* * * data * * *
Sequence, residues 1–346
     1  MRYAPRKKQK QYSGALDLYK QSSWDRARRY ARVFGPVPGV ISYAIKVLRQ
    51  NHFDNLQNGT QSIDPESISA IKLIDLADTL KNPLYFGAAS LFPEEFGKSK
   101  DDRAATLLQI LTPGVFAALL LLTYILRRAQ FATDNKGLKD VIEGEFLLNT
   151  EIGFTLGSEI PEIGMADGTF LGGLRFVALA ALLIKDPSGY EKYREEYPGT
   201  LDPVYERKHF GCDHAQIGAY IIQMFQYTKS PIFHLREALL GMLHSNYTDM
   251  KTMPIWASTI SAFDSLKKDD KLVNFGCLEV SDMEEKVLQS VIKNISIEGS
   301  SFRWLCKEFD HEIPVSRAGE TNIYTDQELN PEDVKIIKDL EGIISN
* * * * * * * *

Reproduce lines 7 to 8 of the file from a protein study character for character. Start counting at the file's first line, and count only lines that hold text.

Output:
   251  KTMPIWASTI SAFDSLKKDD KLVNFGCLEV SDMEEKVLQS VIKNISIEGS
   301  SFRWLCKEFD HEIPVSRAGE TNIYTDQELN PEDVKIIKDL EGIISN